3.  Oregon’s educational system has been surrendered to the teachers unions and the result has been a continuing decline in academic achievement and a continuing increase in the cost of provisioning. By every measure Oregon’s K-12 educational system is failing and there is not an original thought in Oregon state government to fix it except to spend more on the same broken system. When Oregon voters confronted the $750 Million tax increases under Measures 66 and 67, they thought they were supporting education. In point of fact, they were simply paying for salary increases and gold-plated benefits (PERS and healthcare insurance) for the existing teacher union members.

4.  A single special interest group dominates Oregon state government. The public employees unions receive nearly $80 Million dollars each biennium from state and local governments through the payroll deduction process. Because the unions bargain with the very people whose election they funded, precious little of that money is used for recruiting, organizing, or bargaining. The vast majority of that money is used for political purposes to ensure that Democrats are elected at all levels of state and local government so that union numbers, wages and benefits can grow regardless of the underlying economic conditions.

5.  Oregon state government is not really hostile towards business; it is simply ignorant of the cause and effect on business. Government is populated primarily by people who lack any experience in the business world. Speaking about business to them is like speaking Urdu in Mississippi – they just don’t get it. And worse, twenty plus years of Democrat administrations has tolerated the growth of a class of government employees who are not just ignorant but are, in fact, malicious. Nelson DeMille in his novel Gold Coast described it thusly:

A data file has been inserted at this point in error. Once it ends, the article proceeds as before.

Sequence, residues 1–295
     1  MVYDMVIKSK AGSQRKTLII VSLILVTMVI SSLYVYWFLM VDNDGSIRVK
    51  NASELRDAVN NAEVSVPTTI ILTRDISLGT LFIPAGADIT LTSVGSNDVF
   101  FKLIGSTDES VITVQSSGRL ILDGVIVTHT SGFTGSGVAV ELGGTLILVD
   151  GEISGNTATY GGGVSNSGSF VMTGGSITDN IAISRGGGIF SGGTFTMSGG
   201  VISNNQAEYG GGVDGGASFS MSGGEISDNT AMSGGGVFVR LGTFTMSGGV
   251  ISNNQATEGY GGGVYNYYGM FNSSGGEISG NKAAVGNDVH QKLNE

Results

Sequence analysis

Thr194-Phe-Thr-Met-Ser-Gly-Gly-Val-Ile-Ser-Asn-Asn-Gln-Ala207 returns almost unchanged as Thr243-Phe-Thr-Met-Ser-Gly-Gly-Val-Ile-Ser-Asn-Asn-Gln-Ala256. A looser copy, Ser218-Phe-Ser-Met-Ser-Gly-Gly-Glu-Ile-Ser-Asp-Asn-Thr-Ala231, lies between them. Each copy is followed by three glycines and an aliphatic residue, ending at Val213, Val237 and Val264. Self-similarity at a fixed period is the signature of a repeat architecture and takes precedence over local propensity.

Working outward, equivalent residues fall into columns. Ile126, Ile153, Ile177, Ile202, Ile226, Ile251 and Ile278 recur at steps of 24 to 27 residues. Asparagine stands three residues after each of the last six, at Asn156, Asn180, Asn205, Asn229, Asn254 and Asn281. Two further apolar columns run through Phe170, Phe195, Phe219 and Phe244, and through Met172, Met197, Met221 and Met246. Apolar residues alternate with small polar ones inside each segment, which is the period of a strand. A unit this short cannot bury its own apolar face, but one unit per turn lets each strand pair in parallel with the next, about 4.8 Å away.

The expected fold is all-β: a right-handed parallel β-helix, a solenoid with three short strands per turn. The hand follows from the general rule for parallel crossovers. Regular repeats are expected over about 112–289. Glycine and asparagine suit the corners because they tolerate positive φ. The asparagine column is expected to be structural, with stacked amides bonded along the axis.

“’They don’t give a sh-t about collecting taxes for the government. You still don’t get it. They care about scaring the hell out of people. That’s power. And that’s jealousy, too. A guy like Novac don’t have the balls to get rich like you and me, but he’s got the brains to be pissed at not being rich. That’s a dangerous man.
“I nodded. Bellarosa really did sound like Machiavelli in modern translation.

“’Take a guy like Ferragamo.’ Bellarosa continued. ‘He pretends like it’s all about justice, democracy, equality, and caring about the poor and the victims of crime and all that sh-t. Wrong. That ain’t what it’s about, pal. It’s about f**king power. It’s jealousy, it’s personal, and it’s all covered up with nice sounding bullshit. . .”

There aren’t many but there are enough and the past five administrations have not only tolerated them but have encouraged them as punishment for those who oppose them.

Yes, when business looks at Oregon it doesn’t see promise; it sees formidable barriers. And when presented with more favorable alternatives, business routinely turns away.

As Pacific Power Chairman Pat Reiten noted:

“’It’s painful to say this, but Oregon isn’t so special a place any more,’ Reiten said. ‘It’s in decline. It’s below average.’”
 

 

Will Oregon change? There isn’t much indication that it will, or that it can, or that it cares.

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Posted by at 05:00 | Posted in Economy, Education, Gov. Kitzhaber, Gov. Kulongoski, Public Employee Unions, State Budget, Uncategorized | 23 Comments |Email This Post Email This Post |Print This Post Print This Post
  • 3H

    Larry… #4 is actually very wrong: “The public employee unions receive nearly $80 Million dollars each biennium from state and local governments through the payroll deduction process.” The money is received from the employees represented by the unions. State and local governments use payroll deduction to transfer employee dues, but the money belongs to the employee. They worked for it. Would you argue that private banks receive hundreds of millions of dollars each biennium from state and local government through the payroll deduction process? I’m willing to bet the vast majority of public employees take advantage of automatic deposit of their checks. It is employee money that goes to the unions – not tax payer money.